With two major fires in the same number of months in the Back Bay, the need to change the residential codes for multi-unit buildings is a fact that can no longer be ignored.
Wednesday’s fire took a tragic turn when two firefighters lost their lives battling the 9-alarm fire in the eight-unit townhouse and sent others to the hospital.
We urged city officials in February after the fire in the building on Massachusetts Avenue that sprinkler systems should be added to all multi-unit buildings in our neighborhood.
We now call upon city officials to immediately make sprinkler systems in all multi-unit buildings with four units or more in our neighborhood or similar neigborhoods in Boston mandatory when even one unit in the building requires a new certificate of occupancy.
In our neighborhood, owners of buildings with four or more units will pay almost half the amount in real estate taxes per year as those with buildings with fewer units even though the buildings may be identical in square footage and design. This difference easily amounts to tens of thousands of dollars.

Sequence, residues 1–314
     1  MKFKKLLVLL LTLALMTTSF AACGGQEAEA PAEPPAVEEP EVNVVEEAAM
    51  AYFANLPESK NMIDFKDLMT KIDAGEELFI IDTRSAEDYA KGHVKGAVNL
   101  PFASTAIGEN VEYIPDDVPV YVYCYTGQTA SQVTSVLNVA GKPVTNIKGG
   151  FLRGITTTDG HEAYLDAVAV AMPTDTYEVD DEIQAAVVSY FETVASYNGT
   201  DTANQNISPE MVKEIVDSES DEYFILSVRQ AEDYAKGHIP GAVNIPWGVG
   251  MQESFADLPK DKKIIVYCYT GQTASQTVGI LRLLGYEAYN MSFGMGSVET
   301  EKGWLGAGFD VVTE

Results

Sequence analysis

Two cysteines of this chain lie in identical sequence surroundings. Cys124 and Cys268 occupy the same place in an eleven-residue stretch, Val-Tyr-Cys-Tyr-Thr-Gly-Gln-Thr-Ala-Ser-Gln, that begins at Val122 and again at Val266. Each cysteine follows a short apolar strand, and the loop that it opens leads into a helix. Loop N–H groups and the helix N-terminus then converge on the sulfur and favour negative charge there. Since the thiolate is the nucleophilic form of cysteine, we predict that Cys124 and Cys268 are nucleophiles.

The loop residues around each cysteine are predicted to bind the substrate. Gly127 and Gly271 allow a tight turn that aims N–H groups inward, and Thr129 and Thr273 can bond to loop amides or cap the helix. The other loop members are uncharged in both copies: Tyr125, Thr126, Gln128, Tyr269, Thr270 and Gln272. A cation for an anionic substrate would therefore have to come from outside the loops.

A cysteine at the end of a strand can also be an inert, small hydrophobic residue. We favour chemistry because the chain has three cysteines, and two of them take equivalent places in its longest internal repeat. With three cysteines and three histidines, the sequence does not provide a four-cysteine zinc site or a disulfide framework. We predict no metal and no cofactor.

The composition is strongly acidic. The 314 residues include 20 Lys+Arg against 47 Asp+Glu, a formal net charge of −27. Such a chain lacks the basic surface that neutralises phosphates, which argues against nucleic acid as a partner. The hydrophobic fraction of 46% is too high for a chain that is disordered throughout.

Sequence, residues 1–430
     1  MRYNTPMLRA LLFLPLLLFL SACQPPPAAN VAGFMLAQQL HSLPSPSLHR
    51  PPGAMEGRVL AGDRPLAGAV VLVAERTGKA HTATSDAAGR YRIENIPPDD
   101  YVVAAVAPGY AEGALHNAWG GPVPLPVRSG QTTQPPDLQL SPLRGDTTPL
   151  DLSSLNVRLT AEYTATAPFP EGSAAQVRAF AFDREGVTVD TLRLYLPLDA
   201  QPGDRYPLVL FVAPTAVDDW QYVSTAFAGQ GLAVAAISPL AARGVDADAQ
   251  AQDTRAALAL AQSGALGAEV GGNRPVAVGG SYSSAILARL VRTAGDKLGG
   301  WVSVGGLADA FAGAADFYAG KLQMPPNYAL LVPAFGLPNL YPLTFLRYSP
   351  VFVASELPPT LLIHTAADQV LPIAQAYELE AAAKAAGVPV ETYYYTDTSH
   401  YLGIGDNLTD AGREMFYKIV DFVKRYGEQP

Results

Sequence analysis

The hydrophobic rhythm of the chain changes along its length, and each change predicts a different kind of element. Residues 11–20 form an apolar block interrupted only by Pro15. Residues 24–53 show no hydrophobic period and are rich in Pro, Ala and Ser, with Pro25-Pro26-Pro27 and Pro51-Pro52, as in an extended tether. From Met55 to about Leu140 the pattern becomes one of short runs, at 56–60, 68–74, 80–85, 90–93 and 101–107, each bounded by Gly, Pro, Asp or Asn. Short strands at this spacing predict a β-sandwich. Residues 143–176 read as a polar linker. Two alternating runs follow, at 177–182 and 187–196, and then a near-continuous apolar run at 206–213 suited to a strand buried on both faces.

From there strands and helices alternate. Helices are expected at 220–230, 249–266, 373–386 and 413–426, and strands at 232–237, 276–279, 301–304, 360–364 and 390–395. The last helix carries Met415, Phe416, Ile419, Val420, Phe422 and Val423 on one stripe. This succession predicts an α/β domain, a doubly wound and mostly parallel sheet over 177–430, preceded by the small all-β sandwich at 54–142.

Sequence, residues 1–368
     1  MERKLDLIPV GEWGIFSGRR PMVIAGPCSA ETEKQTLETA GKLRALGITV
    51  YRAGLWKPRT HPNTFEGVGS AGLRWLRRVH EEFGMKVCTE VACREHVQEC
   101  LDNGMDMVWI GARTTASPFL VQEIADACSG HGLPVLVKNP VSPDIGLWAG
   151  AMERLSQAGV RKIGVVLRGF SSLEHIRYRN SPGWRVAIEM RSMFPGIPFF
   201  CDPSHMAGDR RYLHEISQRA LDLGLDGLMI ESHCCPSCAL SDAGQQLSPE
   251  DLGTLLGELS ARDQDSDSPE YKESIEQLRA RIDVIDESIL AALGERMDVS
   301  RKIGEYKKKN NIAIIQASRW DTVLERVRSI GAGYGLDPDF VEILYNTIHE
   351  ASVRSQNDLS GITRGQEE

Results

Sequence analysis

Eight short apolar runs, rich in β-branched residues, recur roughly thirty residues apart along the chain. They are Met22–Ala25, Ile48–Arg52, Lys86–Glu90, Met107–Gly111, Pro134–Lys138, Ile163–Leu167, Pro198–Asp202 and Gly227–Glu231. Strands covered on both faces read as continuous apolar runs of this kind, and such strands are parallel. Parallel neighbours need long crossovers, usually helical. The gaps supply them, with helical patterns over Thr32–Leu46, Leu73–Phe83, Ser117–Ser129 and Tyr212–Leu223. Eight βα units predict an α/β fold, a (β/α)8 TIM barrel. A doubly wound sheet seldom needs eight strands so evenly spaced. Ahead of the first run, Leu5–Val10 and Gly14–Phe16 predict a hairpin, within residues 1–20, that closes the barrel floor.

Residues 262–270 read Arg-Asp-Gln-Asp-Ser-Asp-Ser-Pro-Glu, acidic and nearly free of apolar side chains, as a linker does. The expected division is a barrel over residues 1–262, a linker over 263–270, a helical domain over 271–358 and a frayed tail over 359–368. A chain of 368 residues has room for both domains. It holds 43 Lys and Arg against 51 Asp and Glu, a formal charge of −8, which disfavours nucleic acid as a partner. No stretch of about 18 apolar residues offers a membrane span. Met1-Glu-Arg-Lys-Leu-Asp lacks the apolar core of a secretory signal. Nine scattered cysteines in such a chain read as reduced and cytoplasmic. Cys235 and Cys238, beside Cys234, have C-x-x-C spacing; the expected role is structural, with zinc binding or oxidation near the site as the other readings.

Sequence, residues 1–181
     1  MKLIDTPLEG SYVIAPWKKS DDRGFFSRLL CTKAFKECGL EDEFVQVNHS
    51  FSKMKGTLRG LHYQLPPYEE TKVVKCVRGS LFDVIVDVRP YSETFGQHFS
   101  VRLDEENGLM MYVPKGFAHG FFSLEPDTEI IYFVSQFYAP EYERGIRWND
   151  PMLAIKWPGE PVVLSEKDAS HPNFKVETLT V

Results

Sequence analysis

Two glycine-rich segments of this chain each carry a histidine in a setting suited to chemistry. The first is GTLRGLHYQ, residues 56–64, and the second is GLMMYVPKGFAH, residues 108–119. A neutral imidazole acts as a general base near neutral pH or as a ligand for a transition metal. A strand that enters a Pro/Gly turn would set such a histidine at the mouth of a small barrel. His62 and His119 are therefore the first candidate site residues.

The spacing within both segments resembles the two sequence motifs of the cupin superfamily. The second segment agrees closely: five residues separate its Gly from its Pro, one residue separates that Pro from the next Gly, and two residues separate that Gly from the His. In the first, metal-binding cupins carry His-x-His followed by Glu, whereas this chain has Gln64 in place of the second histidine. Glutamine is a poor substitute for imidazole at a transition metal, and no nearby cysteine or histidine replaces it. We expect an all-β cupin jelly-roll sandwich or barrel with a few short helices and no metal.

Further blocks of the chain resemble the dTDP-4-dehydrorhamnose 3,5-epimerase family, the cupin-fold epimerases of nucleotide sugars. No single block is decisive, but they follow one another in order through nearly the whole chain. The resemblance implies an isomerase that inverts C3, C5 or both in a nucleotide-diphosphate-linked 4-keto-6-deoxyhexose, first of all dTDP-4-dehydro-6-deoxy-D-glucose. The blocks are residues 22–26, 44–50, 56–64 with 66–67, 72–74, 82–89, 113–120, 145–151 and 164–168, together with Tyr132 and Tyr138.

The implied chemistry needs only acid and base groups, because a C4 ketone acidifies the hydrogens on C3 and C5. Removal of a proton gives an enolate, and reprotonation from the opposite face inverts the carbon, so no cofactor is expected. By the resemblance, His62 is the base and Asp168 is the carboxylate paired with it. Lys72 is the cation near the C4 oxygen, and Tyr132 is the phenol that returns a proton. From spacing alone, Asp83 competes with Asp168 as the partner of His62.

This type of subsidy should not just fall to the bottom line, but should be reinvested to make these buildings safer not only for the occupants, but for their neighbors who live in some cases less than 20 feet apart.
While investigators are still looking to determine the exact cause of the fire, the simultaneous events of high winds and low water pressure coupled with the lack of nearby hydrants made this tragedy unavoidable.
No one has the ability to predict the future. But what we can predict is that these fires will be happening more often and possibly with a greater loss of life if residential codes and city infrastructure are not changed to keep pace with the continuing housing changes in our neighborhood.